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I'm writing a PID program for a simple DC Motor. This motor has an encoder at the bottom which allows me to read motor speed. The goal of the project is to provide a constant speed if there is light friction applied to the motor. Although speed may vary slightly, I can still graph the PWM signal and show the duty cycle increases in response to friction. I've gotten the motor speed and potentiometer to function perfectly, now I'm just stuck on the actual PID part.

The issue I'm having is that whenever I set my SET pin high, the motor completely shuts off. I don't understand why because I'm sending it values in that while loop which should be sufficient to initiate the compensation

Here is my code:

#include "TimerOne.h"
#include <PID_v1.h>

int counter=0;
//Polarity
const int IN1 = 11;
const int IN2 = 10;

volatile float pot=0;
//PWM Signal and Analog from the Potentiometer
const int POT = 0;
const int ENA = 6;

const int SET = 12;

int rotation;

double Setpoint, Input, Output;
double Kp=1, Ki=1, Kd=1;

PID myPID(&Input, &Output, &Setpoint, Kp, Ki, Kd, DIRECT);


void docount()  // counts from the speed sensor
{
  counter++;  // increase +1 the counter value
} 

//This takes the docout() counter and calculates how many holes its read to give rotations per second
void timerIsr()
{
  Timer1.detachInterrupt();  //stop the timer
  Serial.print("Motor Speed: "); 
  rotation = (counter / 31);  // divide by number of holes in Disc
  Serial.print(rotation,DEC); 


  Serial.println(" Rotation per second"); 
  counter=0;  //  reset counter to zero
  Timer1.attachInterrupt( timerIsr );  //enable the timer
  Serial.print("pot = ");
  Serial.print(pot);

  Serial.print("\n");


}

void setup() 
{
  Serial.begin(9600);

  pinMode(IN1, OUTPUT);
  pinMode(IN2, OUTPUT); 
  pinMode(SET, INPUT);
  Timer1.initialize(1000000); // set timer for 1sec
  attachInterrupt(0, docount, FALLING);  // increase counter when speed sensor pin goes High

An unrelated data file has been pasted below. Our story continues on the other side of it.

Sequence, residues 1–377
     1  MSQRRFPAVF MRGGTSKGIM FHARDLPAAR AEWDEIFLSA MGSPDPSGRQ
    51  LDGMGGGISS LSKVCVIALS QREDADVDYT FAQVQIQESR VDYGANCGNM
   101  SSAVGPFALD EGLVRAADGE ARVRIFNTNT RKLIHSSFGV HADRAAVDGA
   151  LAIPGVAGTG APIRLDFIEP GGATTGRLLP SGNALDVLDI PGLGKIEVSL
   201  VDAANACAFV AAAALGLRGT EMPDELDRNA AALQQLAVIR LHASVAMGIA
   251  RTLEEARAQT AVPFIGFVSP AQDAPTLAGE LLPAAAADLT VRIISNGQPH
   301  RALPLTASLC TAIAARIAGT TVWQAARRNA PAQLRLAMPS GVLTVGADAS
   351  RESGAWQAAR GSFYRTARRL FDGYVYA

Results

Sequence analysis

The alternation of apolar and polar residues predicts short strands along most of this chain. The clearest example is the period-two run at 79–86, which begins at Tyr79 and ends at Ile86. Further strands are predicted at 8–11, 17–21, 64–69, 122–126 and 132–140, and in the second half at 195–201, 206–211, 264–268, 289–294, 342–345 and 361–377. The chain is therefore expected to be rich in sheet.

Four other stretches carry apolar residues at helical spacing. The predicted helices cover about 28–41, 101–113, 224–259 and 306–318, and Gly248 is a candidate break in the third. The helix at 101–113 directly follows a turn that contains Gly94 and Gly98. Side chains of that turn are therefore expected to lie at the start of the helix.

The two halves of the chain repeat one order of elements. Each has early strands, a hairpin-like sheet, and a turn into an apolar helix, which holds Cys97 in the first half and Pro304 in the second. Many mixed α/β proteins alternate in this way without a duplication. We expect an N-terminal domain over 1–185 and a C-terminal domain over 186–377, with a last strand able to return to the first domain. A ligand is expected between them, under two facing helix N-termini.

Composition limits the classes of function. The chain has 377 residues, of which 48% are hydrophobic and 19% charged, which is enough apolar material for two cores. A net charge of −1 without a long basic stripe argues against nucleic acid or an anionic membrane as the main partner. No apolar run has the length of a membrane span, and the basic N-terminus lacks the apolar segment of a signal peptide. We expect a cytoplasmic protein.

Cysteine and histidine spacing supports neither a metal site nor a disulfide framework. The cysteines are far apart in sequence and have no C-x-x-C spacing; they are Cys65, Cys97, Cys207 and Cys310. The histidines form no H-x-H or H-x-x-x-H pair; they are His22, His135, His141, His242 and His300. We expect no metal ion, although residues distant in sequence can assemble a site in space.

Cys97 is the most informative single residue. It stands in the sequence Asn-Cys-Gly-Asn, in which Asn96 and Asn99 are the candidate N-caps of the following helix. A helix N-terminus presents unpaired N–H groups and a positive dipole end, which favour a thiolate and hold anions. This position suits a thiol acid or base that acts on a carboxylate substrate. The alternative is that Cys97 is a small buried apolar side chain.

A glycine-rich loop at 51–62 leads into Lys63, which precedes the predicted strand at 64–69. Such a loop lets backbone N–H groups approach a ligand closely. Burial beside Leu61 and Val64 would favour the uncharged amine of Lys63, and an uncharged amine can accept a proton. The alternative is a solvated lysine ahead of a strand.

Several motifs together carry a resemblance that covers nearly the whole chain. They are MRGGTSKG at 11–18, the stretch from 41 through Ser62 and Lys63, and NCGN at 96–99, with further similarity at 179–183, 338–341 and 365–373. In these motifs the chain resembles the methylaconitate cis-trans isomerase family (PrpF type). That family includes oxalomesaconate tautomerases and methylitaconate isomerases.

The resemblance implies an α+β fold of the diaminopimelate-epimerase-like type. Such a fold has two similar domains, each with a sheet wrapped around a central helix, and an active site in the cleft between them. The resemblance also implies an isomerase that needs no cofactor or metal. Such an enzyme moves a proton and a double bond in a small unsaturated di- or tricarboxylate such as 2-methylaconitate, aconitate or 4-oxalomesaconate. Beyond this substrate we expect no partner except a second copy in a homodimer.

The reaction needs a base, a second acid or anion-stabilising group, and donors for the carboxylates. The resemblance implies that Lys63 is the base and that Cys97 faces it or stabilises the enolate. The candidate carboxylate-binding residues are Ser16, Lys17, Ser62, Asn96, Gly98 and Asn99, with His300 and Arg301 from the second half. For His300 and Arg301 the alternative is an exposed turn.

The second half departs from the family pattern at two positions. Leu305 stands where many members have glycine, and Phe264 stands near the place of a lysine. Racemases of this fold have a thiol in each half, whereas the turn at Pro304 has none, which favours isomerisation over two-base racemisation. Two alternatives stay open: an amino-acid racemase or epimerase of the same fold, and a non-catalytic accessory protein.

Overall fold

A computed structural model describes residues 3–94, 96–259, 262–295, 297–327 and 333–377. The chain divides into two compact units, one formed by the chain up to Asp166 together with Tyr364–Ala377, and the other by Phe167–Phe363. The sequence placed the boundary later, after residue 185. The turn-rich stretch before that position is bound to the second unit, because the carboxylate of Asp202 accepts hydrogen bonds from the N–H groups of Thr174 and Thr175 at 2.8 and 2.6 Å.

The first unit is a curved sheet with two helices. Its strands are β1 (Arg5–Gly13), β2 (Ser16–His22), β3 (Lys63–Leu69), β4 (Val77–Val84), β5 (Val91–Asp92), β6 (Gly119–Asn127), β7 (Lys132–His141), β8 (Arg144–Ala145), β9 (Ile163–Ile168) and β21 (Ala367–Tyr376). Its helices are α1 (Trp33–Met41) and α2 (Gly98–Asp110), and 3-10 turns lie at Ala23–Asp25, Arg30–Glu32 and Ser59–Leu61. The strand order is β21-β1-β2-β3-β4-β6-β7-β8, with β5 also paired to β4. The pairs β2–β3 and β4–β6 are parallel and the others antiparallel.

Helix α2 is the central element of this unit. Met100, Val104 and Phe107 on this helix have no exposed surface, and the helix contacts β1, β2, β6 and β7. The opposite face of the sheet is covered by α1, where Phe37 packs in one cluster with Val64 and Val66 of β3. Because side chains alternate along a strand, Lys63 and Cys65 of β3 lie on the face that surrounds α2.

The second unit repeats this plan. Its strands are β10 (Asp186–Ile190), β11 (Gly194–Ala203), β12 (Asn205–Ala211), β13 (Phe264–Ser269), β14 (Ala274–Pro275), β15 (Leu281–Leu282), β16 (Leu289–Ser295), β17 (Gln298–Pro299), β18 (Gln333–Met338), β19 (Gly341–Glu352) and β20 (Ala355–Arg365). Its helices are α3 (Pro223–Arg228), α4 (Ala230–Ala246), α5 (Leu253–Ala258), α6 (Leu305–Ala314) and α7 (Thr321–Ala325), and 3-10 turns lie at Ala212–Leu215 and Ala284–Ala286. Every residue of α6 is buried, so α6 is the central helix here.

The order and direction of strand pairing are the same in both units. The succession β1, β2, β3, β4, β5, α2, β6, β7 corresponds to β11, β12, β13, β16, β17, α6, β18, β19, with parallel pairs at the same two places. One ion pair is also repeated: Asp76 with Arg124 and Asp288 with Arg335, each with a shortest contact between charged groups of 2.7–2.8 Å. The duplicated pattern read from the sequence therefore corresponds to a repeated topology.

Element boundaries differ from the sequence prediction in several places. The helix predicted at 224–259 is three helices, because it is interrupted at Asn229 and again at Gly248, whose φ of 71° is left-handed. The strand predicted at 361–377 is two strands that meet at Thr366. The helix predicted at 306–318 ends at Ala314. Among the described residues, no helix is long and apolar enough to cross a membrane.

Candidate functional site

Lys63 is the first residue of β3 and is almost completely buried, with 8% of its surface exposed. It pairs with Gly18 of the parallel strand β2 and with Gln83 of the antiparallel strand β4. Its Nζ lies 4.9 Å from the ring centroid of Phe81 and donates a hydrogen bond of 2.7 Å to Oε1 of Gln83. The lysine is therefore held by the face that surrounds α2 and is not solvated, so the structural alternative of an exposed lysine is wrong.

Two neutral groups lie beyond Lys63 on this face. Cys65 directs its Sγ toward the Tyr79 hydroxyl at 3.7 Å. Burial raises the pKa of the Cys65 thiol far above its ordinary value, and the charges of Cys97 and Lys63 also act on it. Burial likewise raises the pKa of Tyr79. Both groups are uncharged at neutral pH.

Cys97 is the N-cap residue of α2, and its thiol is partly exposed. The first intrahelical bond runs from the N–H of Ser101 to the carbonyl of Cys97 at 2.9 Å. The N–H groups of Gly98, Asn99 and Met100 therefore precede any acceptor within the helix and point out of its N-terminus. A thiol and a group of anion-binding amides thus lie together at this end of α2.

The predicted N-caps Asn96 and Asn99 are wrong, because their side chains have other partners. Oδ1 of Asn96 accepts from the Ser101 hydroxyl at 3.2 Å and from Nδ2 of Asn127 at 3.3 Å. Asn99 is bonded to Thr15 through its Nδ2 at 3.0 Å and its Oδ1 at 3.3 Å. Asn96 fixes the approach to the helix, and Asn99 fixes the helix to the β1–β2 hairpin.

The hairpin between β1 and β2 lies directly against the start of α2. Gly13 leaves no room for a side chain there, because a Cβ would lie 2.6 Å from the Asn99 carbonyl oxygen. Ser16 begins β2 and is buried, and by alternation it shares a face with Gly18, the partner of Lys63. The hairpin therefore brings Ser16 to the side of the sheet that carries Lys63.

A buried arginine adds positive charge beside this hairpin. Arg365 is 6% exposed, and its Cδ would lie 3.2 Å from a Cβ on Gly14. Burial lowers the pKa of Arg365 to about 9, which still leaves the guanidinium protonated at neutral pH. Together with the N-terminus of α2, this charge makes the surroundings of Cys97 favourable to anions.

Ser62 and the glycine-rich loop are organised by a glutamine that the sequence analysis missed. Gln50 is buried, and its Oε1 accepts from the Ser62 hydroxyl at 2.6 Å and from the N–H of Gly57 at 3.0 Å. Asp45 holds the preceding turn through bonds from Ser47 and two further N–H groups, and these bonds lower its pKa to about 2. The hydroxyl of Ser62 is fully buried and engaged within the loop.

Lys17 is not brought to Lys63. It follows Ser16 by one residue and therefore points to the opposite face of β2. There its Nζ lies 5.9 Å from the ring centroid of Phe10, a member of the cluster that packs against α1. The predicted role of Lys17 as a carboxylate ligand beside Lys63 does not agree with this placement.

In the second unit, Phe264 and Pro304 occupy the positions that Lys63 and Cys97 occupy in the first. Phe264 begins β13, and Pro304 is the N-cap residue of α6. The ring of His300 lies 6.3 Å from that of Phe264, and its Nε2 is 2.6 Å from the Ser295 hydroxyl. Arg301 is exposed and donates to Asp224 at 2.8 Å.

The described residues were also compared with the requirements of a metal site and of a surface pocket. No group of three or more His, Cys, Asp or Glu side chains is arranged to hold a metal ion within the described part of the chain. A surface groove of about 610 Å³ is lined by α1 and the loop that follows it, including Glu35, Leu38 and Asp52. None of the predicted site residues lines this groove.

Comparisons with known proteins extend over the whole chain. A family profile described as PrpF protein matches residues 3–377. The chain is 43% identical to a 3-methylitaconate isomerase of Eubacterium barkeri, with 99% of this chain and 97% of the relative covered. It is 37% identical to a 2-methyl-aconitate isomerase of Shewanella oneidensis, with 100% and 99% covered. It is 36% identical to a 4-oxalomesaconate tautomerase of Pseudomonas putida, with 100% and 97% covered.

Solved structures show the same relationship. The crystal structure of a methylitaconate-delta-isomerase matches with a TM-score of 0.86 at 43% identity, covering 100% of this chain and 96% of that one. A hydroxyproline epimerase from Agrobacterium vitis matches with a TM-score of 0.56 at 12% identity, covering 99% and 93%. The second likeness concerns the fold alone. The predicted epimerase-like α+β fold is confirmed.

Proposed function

Timer1.attachInterrupt( timerIsr ); // enable the timer

  myPID.SetMode(AUTOMATIC);
  myPID.SetSampleTime(10);
} 

void loop()
{
  // This bit is how you convert the pot values to manually control the fan
  pot=analogRead(POT)/4.01569;
  analogWrite(ENA, pot);

  // This basically acts as a push button. If the SET pin is HIGH it initiates the PID and whatever
  // the current rotation and pot setting are, they're used to send to the myPID function above to 
  // maintain current operating values
  while (digitalRead(SET) == HIGH)
  {

      Setpoint = rotation;
      Input = pot;
      myPID.Compute();
      analogWrite(ENA, Output);
      digitalWrite(10, HIGH);  // set rotation of motor to Clockwise
      digitalWrite(11, LOW);

  }
  digitalWrite(10, HIGH);  // set rotation of motor to Clockwise
  digitalWrite(11, LOW);



  delay (50);
}
  • 1
    1. You haven't implemented any of the suggestions, that I gave in my answer to your previous question. Did you find them not fitting? Or were something unclear? Then please comment on my answer, so that it can be approved. – chrisl Apr 29 at 16:15
  • 2. Your logic seems garbled. I thought you use the pot (which is constant while SET is HIGH, since you don't read it there) to control the setpoint, but currently you use it for input of the PID, which should instead be the current speed value. – chrisl Apr 29 at 16:18
  • And most likely your while loop runs so fast, that the PWM wave gets restarted again and again, effectively chopping it up to zero, which means no speed – chrisl Apr 29 at 16:22

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